The teenager who eventually came forward to take credit for the attack—Phobia, as he was known in hacking circles—claimed he was out to expose the vast security vulnerabilities of the Internet services we’ve come to rely on every day. Point made. Honan created a new Twitter account to communicate with his attacker. Phobia, using the @Mat account, agreed to follow Honan’s new account, and now the two could direct message each other. Honan asked Phobia the single question that was burning on his mind: Why? Why would you do this to me? As it turns out, the near decade of lost data and memories was merely collateral damage.
Phobia’s reply was chilling: “I honestly didn’t have any heat towards you . . . I just liked your [Twitter] username.” That was it. That’s all it was ever about—a prized three-letter Twitter handle. A hacker thousands of miles away liked it and simply wanted it for himself.
The thought that somebody with no “heat” toward you can obliterate your digital life in a few keystrokes is absurd. When Honan’s story appeared on the cover of Wired in December 2012, it garnered considerable atten- tion . . . for a minute or two. A debate on how to better secure our every- day technologie ensued but, like so many Internet discussions, ultimately flamed out. Precious little has changed since Honan’s trials and tribula- tions. We are still every bit as vulnerable as Honan was then—and even more so as we ratchet up our dependency on hackable mobile and cloud- based applications.
As with most of us, Honan’s various accounts were linked to one another in a self-referential web of purported digital trust: the same credit card number on an Apple profile and an Amazon account; an iCloud e-mail address that points back to Gmail. Each had information in common, including log-on credentials, credit card numbers, and passwords with all the data connected back to the same person. Honan’s security protections amounted to nothing more than a digital Maginot Line—an overlapping house of cards that came tumbling down with the slightest pressure. All or most of the information needed to destroy his digital life, or yours, is readily available online to anybody who is the least bit devious or creative.
Progress and Peril in a Connected World
In a few years’ time, with very little self-reflection, we’ve sprinted headlong from merely searching Google to relying on it for directions, calendars, address books, video, entertainment, voice mail, and telephone calls. One billion of us have posted our most intimate details on Facebook and will- ingly provided social networking graphs of our friends, family, and co- workers. We’ve downloaded billions of apps, and we rely on them to help us accomplish everything from banking and cooking to archiving baby pictures. We connect to the Internet via our laptops, mobile phones, iPads, TiVos, cable boxes, PS3s, Blu-rays, Nintendos, HDTVs, Rokus, Xboxes, and Apple TVs.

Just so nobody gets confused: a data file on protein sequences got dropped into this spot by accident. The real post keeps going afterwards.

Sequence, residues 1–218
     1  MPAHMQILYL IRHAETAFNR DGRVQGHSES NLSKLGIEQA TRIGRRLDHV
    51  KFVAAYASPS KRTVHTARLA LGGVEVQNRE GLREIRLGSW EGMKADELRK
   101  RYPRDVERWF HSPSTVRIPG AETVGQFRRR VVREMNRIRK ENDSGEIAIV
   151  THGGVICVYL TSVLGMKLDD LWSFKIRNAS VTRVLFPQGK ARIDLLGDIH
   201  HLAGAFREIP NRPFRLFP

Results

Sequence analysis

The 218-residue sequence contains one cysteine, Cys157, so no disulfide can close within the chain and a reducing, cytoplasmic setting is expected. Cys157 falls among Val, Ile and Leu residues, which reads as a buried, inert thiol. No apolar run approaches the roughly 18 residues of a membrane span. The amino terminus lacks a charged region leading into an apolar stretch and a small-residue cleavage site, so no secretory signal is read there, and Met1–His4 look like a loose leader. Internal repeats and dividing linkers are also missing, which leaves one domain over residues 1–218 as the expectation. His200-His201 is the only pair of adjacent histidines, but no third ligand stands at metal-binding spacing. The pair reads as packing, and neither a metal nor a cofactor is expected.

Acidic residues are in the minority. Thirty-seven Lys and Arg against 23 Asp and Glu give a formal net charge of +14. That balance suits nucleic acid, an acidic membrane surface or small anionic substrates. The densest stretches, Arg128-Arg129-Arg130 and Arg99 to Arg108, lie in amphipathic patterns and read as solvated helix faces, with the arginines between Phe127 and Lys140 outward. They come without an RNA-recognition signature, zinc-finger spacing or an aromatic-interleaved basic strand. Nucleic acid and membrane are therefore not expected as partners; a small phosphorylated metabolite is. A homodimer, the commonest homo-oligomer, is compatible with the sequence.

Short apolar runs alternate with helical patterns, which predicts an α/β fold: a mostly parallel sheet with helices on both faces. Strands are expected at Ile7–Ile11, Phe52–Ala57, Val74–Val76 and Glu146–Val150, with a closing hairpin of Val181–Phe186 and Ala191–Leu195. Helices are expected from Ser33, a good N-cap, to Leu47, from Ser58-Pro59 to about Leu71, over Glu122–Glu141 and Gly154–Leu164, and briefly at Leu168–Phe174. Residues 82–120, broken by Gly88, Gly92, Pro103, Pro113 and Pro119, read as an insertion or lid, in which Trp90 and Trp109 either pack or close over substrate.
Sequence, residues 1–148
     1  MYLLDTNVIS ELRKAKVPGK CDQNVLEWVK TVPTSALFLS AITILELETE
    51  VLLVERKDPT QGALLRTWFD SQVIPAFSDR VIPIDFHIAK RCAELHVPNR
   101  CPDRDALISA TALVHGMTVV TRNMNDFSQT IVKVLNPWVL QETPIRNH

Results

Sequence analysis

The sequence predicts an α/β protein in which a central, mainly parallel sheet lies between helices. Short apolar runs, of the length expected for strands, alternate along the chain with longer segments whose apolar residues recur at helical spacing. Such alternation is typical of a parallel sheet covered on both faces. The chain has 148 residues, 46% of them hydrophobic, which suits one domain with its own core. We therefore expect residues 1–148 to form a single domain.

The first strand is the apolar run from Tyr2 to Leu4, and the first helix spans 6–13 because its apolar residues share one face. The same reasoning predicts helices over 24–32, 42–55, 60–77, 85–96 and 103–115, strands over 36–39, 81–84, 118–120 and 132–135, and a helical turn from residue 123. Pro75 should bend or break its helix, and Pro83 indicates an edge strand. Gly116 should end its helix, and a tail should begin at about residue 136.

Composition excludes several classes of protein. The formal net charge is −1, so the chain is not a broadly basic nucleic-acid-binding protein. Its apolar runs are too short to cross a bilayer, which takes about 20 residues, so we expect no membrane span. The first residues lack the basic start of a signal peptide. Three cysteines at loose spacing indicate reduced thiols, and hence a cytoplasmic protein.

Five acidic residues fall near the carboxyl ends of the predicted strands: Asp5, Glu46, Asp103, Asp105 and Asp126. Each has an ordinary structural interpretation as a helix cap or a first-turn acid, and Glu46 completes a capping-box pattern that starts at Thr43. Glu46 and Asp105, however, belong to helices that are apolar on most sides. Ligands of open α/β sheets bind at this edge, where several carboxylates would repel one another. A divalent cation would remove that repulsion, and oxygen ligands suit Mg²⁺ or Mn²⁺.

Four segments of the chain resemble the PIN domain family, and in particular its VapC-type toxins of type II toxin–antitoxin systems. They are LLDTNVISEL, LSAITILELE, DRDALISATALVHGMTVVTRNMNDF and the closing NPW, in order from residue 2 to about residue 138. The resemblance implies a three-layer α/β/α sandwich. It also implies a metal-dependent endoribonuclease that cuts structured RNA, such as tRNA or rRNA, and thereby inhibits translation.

The positive aspects of this technological evolution are manifest. Over the past hundred years, rapid advances in medical science mean that the average human life span has more than doubled and child mortality has plummeted by a factor of ten. Average per capita income adjusted for infla- tion around the world has tripled. Access to a high-quality education, so elusive to many for so long, is free today via Web sites such as the Khan Academy. And the mobile phone is singularly credited with leading to bil- lions upon billions of dollars in direct economic development in nations around the globe.
The interconnectivity the Internet provides through its fundamental architecture means that disparate peoples from around the world can be brought together as never before. A woman in Chicago can play Words with Friends with a total stranger in the Netherlands. A physician in Bangalore, India, can remotely read and interpret the X-ray results of a patient in Boca Raton, Florida. A farmer in South Africa can use his mobile phone to access the same crop data as a PhD candidate at MIT. This interconnect- edness is one of the Internet’s greatest strengths, and as it grows in size, so too does the global network’s power and utility. There is much to celebrate in our modern technological world.
While the advantages of the online world are well documented and frequently highlighted by those in the tech industry, there is also a down- side to all of this interconnectivity.
Our electrical grids, air traffic control networks, fire department dis- patch systems, and even the elevators at work are all critically dependent on computers. Each day, we plug more and more of our daily lives into the global information grid without pausing to ask what it all means. Mat Honan found out the hard way, as have thousands of others. But what should happen if and when the technological trappings of our modern society—the foundational tools upon which we are utterly dependent—all go away? What is humanity’s backup plan? In fact, none exists.